Arsenal triumphed this year, despite stiff competition from a selection of buildings that were all functionally outstanding, visually attractive and pushed forward the sustainability agenda

Winner - Emirates stadium

Arsenal Football Club’s Emirates stadium was described by judges as a “phenomenal project”. Unlike a certain other stadium down the road, the £275m Emirates was completed on time and under budget by Sir Robert McAlpine. Arsenal’s involvement in prequalification for the Champions’ League meant that the project had to be finished two weeks earlier than planned – a feat that the project team managed with aplomb. More than £35m of extra works wereincorporated into the programme during its construction, but these did not affect the programme. Building’s judges were clear in their verdict: “The way that this team tackled design changes should be a lesson to the industry on how to move forward.”


Highly commended: Savill building

The Savill building is a new visitors facility in Savill Garden at Windsor Great Park designed by Glenn Howells Architects. The scheme is subtle and respectful of the landscape, but still a flagship piece of architecture. It uses pioneering technology, undulating in a leaf-shape beneath the largest timber gridshell roof in the UK. The contract was delivered through a partnering arrangement managed by Ridge and Partners, with no reportable accidents during construction.

City of Edinburgh Council Chambers

Miller Construction’s city chambers for Edinburgh council is exemplar of environmental excellence. Stepped roof terraces are grassed to prevent heat gain, while excess water is stored for re-use in machines across Edinburgh. Many design decisions were completed before changes to the Technical Handbook – Scotland’s equivalent of Part L – yet the scheme beats the new requirements.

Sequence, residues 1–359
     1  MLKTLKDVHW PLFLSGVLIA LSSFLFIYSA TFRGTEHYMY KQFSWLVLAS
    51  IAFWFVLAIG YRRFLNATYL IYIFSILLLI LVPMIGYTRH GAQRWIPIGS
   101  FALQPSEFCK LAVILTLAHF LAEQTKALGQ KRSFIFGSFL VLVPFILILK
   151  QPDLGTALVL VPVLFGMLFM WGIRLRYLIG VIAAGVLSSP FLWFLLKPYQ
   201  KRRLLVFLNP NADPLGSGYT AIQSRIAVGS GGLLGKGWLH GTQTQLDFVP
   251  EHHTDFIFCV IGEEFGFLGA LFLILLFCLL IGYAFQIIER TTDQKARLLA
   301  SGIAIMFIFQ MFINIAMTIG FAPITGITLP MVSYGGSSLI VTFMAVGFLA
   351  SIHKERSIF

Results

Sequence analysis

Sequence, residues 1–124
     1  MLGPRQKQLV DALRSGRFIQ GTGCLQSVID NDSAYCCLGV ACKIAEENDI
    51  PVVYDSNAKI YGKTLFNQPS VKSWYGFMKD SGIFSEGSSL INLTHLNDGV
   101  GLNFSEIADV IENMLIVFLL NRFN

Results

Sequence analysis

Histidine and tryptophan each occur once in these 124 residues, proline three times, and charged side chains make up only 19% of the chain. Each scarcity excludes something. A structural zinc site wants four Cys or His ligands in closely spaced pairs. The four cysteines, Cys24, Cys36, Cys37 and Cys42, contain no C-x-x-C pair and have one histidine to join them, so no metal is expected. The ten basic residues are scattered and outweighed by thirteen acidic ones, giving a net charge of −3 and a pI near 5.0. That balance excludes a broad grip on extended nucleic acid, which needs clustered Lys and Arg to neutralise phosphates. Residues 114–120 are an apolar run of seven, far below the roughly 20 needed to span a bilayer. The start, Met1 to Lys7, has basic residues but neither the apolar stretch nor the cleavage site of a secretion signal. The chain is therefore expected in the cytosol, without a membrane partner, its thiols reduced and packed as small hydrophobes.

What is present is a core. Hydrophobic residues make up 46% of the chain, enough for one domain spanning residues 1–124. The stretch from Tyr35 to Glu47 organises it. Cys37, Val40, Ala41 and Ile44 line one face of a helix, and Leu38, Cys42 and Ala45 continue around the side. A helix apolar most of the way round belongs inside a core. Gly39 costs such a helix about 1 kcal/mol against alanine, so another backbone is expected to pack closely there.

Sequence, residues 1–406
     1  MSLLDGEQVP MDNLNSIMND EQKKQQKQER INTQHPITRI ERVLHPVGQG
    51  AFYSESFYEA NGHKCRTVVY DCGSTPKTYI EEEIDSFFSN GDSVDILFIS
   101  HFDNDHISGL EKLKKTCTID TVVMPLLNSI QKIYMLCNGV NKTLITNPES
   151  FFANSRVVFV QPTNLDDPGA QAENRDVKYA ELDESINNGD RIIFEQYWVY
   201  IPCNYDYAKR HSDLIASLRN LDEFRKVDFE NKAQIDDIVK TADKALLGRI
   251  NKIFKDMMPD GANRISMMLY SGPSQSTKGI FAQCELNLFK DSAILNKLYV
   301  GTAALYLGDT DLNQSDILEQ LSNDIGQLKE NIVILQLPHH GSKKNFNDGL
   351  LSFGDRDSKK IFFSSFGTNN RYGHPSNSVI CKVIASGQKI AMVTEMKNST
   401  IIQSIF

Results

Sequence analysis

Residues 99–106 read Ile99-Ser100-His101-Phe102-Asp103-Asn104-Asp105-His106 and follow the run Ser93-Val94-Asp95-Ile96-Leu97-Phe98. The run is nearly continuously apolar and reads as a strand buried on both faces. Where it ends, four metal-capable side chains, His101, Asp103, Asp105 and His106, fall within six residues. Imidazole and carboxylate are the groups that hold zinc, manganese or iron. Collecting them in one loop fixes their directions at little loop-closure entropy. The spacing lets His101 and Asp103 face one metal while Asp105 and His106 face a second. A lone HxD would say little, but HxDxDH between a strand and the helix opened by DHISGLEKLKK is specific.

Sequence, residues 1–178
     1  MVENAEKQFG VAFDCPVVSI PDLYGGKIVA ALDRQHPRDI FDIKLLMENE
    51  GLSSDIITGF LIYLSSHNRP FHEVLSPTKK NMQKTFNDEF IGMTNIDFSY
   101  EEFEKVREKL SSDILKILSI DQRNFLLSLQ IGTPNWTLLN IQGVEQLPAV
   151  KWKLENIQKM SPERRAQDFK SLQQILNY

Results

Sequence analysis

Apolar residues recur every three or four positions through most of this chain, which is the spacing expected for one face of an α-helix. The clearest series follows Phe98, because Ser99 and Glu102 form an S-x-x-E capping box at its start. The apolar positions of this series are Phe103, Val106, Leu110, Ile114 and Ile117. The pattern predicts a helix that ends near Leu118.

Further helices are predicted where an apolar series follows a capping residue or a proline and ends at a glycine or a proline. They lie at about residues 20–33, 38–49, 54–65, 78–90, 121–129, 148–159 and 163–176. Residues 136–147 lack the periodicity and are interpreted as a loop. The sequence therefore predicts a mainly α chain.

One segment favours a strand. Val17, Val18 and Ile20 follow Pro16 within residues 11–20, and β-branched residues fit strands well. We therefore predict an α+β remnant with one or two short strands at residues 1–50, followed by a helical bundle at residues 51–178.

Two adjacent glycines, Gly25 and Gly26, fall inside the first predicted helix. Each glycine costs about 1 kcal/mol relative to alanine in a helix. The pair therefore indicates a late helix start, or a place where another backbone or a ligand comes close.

Farnborough Airport Terminal

This iconic building was delivered on time and to budget, despite being constructed in a busy environment – a feat that the project team managed without incident by using forward planning and practical site controls. The terminal, designed by airport specialist Reid architecture, resembles a wing hovering over a landscape and was constructed from materials to reflect aircraft technology. Walls and roof run seamlessly into each other as an extension of the sweeping landscape.

National Assembly for Wales

The National Assembly for Wales is a landmark in the regeneration of Cardiff. The assembly, built by Taylor Woodrow, is a unique building that provides an open and inviting public space while offering a secure, private space. Each element has been specified to achieve a 100-year design life in Cardiff’s challenging environment. The project is all the more remarkable for the way in which it won over the hearts and minds of politicians and the public, despite early scepticism.

Scottish Natural Heritage HQ

The relocated Scottish Natural Heritage office in Inverness is more than a building: it is a statement of the client’s commitment to sustainability. The project team, led by Robertson Property and advised by Turner & Townsend, focused construction around the reuse of materials: masonry was crushed onsite and provided more than a third of the aggregates used in the new building, and slates from the roof were used to reclad the stair towers. The relocation from Edinburgh also benefited the local community by providing jobs opportunities.